by J J Cohen
So you may have noticed that I don't mention United States politics very much here. In part that absence is due to this blog's focus upon all things medieval ... but then again, our recurring thesis is that the past isn't easily separable from the present -- and indeed that the separation itself says more about the desires of an interpreter than it does about how history and temporality work. This palimpsestic notion of time is one reason medievalism hold such promise for medieval studies.
But I'm not a Bruce Holsinger or a Michael Moore. My politics are probably, I admit, too visceral and too shallow. I'm a caricature of a liberal academic, only I'm a living and breathing one, rather than a fellow from one of those university-focused exposés that were so popular in the 1980s. My destiny, I plead, was set by the circumstances of my birth.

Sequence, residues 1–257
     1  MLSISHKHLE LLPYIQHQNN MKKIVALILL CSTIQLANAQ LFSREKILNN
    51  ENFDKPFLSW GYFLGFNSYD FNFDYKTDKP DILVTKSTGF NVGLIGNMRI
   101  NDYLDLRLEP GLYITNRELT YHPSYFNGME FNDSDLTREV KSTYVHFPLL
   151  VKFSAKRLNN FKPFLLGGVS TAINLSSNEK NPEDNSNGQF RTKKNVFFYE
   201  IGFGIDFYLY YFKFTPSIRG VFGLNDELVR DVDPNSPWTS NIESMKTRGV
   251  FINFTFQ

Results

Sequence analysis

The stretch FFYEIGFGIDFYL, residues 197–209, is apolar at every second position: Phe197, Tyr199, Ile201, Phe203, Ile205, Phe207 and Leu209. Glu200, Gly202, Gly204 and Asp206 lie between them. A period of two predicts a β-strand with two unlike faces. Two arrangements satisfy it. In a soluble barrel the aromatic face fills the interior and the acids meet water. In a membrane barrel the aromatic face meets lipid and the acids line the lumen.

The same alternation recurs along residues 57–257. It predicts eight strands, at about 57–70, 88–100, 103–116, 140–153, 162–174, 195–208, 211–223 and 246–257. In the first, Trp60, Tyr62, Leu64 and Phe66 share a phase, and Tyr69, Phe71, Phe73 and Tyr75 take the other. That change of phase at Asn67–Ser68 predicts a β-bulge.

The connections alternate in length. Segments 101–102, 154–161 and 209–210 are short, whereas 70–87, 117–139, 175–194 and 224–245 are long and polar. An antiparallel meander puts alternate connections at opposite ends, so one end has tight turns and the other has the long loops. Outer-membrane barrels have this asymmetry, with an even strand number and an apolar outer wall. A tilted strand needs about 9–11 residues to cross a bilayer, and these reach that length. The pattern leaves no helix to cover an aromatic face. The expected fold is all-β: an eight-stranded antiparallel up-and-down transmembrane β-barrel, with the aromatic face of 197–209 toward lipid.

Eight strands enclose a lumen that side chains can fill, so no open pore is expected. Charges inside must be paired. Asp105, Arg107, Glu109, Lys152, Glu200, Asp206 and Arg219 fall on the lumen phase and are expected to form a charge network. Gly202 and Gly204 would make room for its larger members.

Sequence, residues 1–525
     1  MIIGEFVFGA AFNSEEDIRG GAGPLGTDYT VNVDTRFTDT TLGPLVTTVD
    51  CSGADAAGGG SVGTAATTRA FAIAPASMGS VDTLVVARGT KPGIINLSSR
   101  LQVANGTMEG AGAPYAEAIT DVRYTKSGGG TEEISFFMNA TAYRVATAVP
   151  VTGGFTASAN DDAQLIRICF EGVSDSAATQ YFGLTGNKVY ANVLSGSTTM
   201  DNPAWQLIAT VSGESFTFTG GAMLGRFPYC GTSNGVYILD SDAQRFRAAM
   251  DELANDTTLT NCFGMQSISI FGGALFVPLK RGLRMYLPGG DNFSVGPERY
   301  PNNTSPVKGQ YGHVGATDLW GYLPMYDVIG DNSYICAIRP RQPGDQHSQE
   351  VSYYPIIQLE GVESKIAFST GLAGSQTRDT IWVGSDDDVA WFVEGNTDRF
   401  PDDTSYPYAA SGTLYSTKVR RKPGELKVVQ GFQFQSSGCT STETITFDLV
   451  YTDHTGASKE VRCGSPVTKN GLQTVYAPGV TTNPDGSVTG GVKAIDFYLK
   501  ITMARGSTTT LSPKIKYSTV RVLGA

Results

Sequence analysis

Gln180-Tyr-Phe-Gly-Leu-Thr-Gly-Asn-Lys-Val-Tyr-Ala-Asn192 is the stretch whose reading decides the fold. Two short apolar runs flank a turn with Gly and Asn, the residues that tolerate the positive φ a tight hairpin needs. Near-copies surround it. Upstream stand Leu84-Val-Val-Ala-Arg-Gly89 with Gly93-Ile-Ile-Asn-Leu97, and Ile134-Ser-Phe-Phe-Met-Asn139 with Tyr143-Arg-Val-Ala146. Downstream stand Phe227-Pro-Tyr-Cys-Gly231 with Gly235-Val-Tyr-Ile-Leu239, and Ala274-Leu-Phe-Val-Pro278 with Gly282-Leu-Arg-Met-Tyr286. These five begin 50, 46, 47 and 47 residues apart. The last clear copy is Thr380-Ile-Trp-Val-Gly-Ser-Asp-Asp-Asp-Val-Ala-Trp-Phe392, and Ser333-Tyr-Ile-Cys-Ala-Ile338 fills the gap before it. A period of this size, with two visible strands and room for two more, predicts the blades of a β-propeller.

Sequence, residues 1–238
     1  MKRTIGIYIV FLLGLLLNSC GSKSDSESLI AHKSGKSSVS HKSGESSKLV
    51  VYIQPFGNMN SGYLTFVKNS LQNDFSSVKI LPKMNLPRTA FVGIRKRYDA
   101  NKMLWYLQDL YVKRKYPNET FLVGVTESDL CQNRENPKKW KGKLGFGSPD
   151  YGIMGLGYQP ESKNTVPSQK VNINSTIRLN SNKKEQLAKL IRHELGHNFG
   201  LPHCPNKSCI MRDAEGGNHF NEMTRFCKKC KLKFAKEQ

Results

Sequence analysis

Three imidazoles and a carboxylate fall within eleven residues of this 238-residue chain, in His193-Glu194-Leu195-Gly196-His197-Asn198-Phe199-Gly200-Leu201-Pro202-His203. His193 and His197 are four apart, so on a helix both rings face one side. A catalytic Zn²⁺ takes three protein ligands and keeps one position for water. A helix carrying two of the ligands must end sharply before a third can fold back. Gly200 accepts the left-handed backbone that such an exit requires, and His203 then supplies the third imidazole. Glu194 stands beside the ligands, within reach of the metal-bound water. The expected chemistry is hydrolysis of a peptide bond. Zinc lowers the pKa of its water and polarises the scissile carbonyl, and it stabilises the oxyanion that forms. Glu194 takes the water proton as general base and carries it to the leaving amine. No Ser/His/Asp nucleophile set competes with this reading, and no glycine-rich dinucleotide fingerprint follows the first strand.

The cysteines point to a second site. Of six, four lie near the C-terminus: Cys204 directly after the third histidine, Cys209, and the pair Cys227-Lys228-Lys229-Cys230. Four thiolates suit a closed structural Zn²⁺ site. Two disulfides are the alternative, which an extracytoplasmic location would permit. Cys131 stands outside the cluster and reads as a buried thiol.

You see, I was born on election day in 1964. My mother cast her vote for Lyndon Johnson and went immediately into labor. I imagine that she pulled the lever and the contractions began, but she denies that it happened quite that swiftly. Can I help that I have been a lifetime democrat ever since? (The one exception was a mayoral election in DC, when I voted socialist to avoid voting Marion Barry back into office). I should also admit that the blueness of my blood might owe something to having come into the world at Mount Auburn hospital in Cambridge, MA ... an, um, slightly liberal city. And did I mention that Ted Kennedy and Barney Frank were my political heroes growing up?
So I haven't much to say about politics, since liberal is one of those words I never ceded, even after Mike Dukakis did. But I will point out the following: on November 4 2008 I will turn 44 years old. I am fairly certain that Destiny will be giving me my best birthday present ever, a democrat in the White House. So to all you Barack supporters I say: stop worrying. My mom set everything into motion nearly forty-four years ago, and now we can enjoy the outcome at last.